Skinny Legs Bar and Grill caters to the Cruiser Crowd and it is the epicenter of the Coral Bay cruising scene. Also, just down the road, the Donkey Diner is a favorite Coral Bay place for breakfast.
Melissa and I decided to hike the Johnny Horn trail one Saturday morning early, eat breakfast at the Donkey Diner, and then hike back.
Once over the top of the mountain, we can see Coral Bay.
We’re hot, tired, thirsty and hungry, so the first stop is the Donkey Diner for breakfast consisting of juice, omelets and toast.
Coral Bay is a true cruisers’ hangout and there are many sights that reflect the mischievous minds of cruisers with lots of time on their hands.
Here are some sights from around Coral Bay:
Now, back to our Johnny Horn hike . . . .
It was quite a morning and we got an extra bonus: the running of the annual St. John “8 Tuff Miles” marathon was underway. The foot race begins in Cruz Bay, on the western end of St. John and ends at the east end of the island at the Coral Bay soccer field. Runners traverse the steep grades and winding switchbacks on the North Shore Rd., crossing the entirety of the mountains of St. John.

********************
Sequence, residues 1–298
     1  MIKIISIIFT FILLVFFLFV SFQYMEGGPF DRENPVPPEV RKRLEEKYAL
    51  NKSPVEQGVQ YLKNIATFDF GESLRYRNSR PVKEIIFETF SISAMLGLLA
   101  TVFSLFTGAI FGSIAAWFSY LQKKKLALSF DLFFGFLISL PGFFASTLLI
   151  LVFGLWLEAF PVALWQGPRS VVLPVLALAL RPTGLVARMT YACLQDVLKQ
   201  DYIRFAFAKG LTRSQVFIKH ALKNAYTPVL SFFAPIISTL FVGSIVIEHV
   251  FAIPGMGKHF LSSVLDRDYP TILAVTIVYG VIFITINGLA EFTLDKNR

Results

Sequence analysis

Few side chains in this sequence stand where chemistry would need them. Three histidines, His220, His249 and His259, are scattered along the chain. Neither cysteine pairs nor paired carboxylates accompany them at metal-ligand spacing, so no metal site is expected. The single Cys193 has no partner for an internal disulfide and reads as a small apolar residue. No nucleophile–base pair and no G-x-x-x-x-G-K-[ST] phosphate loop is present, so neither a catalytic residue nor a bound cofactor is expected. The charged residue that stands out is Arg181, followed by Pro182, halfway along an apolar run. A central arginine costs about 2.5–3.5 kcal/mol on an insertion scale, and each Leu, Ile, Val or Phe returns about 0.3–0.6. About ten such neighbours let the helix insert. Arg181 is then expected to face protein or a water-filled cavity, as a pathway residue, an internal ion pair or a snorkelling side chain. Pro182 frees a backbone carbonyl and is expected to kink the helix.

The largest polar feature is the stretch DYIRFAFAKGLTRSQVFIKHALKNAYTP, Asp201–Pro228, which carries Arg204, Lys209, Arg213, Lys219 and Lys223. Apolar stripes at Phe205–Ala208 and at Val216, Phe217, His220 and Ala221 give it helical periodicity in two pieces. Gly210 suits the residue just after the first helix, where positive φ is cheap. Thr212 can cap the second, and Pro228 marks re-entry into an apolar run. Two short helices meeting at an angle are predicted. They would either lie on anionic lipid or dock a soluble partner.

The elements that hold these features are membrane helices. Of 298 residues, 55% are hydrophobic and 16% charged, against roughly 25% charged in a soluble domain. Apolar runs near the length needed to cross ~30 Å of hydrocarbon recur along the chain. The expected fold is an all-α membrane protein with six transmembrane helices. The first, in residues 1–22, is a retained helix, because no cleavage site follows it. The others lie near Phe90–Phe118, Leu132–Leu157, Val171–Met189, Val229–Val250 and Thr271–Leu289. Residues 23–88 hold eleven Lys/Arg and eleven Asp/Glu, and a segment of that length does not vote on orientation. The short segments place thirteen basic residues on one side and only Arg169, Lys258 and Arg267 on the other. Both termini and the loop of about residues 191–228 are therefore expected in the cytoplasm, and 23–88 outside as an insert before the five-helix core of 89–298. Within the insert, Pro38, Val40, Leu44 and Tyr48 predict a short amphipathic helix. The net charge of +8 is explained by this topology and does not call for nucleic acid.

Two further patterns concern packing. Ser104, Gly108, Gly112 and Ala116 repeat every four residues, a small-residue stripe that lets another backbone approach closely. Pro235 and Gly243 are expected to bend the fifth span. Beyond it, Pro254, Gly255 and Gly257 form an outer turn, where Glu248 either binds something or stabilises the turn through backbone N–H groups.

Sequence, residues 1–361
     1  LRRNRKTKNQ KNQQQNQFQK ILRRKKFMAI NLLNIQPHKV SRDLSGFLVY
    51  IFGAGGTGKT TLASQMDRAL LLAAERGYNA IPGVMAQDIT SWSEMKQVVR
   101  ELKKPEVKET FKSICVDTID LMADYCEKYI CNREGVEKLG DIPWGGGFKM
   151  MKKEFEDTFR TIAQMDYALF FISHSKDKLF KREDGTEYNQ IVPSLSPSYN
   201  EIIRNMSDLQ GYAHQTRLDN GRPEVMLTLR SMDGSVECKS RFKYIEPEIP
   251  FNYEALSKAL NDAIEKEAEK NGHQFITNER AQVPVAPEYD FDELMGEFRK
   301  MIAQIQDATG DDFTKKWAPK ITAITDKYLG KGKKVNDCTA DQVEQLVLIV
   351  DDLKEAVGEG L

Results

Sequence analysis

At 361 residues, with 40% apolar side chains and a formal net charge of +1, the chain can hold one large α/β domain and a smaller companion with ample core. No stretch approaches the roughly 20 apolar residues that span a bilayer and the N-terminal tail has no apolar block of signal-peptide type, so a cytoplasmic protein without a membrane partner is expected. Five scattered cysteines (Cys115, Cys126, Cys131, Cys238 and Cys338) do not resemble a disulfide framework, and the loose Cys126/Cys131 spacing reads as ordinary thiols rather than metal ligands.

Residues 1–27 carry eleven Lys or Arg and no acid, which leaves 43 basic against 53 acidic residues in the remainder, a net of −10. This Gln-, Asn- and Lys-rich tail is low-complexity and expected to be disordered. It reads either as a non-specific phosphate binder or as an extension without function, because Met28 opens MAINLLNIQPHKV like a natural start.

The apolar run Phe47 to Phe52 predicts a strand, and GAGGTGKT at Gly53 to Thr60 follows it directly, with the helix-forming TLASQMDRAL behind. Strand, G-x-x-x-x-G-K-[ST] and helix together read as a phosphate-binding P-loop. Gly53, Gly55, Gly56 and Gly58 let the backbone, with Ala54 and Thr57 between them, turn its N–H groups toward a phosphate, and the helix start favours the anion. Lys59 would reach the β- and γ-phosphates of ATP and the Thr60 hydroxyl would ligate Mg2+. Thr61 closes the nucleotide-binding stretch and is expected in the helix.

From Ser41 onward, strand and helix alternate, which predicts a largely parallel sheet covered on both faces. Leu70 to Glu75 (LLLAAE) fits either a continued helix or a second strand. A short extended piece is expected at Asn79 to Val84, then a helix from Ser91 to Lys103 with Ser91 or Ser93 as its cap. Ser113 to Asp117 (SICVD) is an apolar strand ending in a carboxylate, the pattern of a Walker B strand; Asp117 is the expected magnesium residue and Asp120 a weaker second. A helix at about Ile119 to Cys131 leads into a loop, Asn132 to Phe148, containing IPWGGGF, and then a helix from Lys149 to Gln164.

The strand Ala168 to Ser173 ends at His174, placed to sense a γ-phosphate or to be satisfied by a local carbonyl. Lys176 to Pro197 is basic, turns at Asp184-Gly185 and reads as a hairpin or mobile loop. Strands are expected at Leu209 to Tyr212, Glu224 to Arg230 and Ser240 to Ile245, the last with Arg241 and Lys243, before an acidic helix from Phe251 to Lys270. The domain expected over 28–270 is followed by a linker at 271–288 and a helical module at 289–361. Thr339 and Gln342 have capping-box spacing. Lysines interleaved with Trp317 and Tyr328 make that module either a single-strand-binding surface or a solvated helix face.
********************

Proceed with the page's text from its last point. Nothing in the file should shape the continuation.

After eating breakfast, we walked fifty yards over to the soccer filed to watch runners coming in, including several locals that we are now friends with.
Ram Head Trail
Also, another favorite hike is Ram Head on the south side of St. John. Rugged, trade winds-beaten, and overlooking St. Croix and the Caribbean Sea to the south, this hike offers stunning views. There is scant vegetation and few trees, so it is a popular hike during a full moon in that the trails are perfectly visible under the light of a bright moon.